On June 30, 1988, respondent Benjamin A. Taylor (Benjamin), a British subject, married Joselyn C. Taylor
(Joselyn), a 17-year old Filipina. On June 9, 1989, while their marriage was subsisting, Joselyn bought from
Diosa M. Martin a 1,294 square-meter lot (Boracay property) situated at Manoc-Manoc, Boracay Island,
Malay, Aklan, for and in consideration of P129,000.00. The sale was allegedly financed by
Benjamin. Joselyn and Benjamin, also using the latters funds, constructed improvements thereon and
eventually converted the property to a vacation and tourist resort known as the Admiral Ben Bow Inn. All
required permits and licenses for the operation of the resort were obtained in the name of Ginna Celestino,
Joselyns sister.
However, Benjamin and Joselyn had a falling out, and Joselyn ran away with Kim Philippsen. On June 8,
1992, Joselyn executed a Special Power of Attorney (SPA) in favor of Benjamin, authorizing the latter to
maintain, sell, lease, and sub-lease and otherwise enter into contract with third parties with respect to their
Boracay property. On July 20, 1992, Joselyn as lessor and petitioner Philip Matthews as lessee, entered
into an Agreement of Lease (Agreement) involving the Boracay property for a period of 25 years, with an
annual rental ofP12,000.00. The agreement was signed by the parties and executed before a Notary
Public. Petitioner thereafter took possession of the property and renamed the resort as Music Garden
Resort.
ISSUE:
Whether or not the agreement of Lease of a parcel of land entered into by a Filipino wife without the
consent of her British husband valid.
RULING:
In light of the foregoing jurisprudence, the court find and so hold that Benjamin has no right to nullify the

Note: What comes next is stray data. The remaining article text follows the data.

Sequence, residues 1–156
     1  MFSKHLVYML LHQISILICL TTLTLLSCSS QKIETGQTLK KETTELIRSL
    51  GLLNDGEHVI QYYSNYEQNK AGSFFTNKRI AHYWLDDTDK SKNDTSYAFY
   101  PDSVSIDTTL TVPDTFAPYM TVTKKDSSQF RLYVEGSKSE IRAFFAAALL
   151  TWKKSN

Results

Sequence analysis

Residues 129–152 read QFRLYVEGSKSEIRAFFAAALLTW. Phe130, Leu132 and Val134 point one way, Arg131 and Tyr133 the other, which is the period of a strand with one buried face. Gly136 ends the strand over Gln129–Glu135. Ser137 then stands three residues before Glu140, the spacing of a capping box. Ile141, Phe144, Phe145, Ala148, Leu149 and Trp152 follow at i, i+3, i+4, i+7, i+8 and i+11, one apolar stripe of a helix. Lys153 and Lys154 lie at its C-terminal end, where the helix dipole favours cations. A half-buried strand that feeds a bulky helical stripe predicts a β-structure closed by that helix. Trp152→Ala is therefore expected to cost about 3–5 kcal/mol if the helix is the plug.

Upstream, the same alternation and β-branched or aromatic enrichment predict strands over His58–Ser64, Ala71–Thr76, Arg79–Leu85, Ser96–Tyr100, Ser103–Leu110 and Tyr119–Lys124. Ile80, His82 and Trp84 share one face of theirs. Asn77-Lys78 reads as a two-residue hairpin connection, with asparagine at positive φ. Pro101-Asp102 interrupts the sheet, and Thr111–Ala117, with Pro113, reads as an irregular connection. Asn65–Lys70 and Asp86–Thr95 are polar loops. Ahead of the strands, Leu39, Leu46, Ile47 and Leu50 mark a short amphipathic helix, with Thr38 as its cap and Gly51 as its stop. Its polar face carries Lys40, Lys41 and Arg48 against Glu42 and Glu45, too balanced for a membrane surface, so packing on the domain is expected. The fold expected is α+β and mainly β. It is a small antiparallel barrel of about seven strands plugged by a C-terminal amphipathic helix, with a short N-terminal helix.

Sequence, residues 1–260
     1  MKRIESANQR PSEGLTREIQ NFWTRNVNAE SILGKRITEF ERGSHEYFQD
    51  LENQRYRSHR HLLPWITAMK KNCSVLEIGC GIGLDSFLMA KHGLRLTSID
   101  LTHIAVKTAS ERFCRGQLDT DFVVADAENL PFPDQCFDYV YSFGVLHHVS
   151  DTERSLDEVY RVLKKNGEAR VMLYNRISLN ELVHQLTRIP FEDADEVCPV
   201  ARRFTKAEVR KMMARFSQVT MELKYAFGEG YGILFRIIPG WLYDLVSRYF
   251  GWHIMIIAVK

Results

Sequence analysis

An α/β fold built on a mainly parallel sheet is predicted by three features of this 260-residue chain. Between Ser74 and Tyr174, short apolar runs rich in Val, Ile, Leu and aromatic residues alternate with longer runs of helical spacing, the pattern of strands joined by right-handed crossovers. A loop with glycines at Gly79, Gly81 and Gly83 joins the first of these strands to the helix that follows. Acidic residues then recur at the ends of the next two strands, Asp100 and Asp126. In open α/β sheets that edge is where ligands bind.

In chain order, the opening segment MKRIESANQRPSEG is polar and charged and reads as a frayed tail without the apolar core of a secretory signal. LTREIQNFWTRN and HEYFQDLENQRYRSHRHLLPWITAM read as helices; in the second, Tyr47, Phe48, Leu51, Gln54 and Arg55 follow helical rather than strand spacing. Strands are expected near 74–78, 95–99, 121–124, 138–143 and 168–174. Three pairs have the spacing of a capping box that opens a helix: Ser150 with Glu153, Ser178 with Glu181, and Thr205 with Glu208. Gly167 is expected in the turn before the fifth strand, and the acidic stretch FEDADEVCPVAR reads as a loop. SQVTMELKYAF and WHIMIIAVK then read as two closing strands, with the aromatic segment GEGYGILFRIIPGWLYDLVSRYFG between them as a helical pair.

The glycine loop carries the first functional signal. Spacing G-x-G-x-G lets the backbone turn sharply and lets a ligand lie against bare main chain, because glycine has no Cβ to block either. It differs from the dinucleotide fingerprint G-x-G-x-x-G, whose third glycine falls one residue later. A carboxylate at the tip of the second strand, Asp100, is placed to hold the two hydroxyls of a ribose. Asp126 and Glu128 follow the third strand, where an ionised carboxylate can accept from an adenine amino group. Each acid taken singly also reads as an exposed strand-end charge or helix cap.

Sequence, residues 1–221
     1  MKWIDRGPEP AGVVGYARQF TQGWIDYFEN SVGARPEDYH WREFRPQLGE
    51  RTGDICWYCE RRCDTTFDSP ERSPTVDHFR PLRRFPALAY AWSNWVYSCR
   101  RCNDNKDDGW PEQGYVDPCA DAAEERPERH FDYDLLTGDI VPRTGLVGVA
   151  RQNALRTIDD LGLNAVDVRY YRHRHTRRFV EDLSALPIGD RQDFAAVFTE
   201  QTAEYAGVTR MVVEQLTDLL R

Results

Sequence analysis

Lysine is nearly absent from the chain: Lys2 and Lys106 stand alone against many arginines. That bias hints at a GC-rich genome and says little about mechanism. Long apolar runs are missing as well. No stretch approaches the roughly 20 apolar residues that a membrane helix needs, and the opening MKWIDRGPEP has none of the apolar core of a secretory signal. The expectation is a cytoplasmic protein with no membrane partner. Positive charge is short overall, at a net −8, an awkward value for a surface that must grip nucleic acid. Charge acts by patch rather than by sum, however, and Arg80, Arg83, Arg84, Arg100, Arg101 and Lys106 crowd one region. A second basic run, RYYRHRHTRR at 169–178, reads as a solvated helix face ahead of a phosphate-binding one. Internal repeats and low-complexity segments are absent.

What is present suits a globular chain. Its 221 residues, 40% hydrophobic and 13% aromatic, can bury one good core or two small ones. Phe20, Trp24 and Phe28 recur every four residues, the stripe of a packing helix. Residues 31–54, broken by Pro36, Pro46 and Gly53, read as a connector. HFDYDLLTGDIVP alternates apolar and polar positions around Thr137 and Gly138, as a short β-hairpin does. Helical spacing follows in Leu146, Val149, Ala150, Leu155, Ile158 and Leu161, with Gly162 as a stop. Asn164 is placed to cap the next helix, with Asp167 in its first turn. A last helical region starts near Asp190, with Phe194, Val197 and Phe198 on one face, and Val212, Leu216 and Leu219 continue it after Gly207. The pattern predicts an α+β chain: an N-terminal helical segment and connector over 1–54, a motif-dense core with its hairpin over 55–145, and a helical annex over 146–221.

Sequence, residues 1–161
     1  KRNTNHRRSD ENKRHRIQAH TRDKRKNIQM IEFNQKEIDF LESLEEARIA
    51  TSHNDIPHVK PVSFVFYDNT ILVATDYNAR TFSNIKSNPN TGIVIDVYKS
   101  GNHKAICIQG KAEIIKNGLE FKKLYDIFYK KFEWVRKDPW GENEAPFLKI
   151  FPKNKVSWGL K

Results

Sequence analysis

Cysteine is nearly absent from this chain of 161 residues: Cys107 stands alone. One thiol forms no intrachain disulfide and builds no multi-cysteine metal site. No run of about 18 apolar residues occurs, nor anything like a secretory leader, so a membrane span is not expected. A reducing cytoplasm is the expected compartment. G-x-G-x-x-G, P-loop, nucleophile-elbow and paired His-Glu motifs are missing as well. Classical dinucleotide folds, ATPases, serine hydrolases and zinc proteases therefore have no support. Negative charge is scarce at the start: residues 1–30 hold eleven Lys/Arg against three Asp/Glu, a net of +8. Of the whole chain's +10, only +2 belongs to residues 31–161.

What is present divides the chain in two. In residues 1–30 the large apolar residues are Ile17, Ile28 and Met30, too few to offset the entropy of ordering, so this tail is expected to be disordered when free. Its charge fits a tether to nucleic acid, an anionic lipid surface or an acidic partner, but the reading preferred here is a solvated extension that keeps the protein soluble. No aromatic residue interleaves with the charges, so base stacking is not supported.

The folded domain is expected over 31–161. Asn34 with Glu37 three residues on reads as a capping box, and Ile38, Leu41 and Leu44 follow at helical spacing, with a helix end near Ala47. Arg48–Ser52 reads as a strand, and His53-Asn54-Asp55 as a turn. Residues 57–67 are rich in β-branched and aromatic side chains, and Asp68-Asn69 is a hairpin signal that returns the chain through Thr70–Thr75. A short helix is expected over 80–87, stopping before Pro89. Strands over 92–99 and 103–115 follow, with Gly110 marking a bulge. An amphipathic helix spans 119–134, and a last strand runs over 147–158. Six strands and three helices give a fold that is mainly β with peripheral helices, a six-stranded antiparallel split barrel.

Agreement of Lease between Joselyn and petitioner. Benjamin, being an alien, is absolutely prohibited
from acquiring private and public lands in the Philippines. Considering that Joselyn appeared to be the
designated "vendee" in the Deed of Sale of said property, she acquired sole ownership thereto. This is true
even if we sustain Benjamins claim that he provided the funds for such acquisition. By entering into such
contract knowing that it was illegal, no implied trust was created in his favor; no reimbursement for his

expenses can be allowed; and no declaration can be made that the subject property was part of the
conjugal/community property of the spouses. In any event, he had and has no capacity or personality to
question the subsequent lease of the Boracay property by his wife on the theory that in so doing, he was
merely exercising the prerogative of a husband in respect of conjugal property. To sustain such a theory
would countenance indirect controversion of the constitutional prohibition. If the property were to be
declared conjugal, this would accord the alien husband a substantial interest and right over the land, as he
would then have a decisive vote as to its transfer or disposition. This is a right that the Constitution does not
permit him to have.
In fine, the Agreement of Lease entered into between Joselyn and petitioner cannot be nullified on the
grounds advanced by Benjamin. Thus, the court uphold its validity.

AGGABAO V. PARULAN
1 September 2010
FACTS: